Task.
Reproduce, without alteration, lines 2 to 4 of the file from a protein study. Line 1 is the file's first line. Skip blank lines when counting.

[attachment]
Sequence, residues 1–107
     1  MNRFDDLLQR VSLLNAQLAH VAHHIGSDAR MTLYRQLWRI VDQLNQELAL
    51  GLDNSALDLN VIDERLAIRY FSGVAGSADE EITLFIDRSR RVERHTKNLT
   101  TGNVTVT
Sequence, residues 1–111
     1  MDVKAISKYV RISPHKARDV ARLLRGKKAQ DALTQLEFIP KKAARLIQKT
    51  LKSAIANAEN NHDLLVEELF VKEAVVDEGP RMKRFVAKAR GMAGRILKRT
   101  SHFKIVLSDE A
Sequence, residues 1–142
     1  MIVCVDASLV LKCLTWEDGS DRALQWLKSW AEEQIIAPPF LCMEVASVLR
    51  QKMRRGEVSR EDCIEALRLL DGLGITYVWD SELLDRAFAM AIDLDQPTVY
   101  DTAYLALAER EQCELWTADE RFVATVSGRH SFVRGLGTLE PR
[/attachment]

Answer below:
     1  MNRFDDLLQR VSLLNAQLAH VAHHIGSDAR MTLYRQLWRI VDQLNQELAL
    51  GLDNSALDLN VIDERLAIRY FSGVAGSADE EITLFIDRSR RVERHTKNLT
   101  TGNVTVT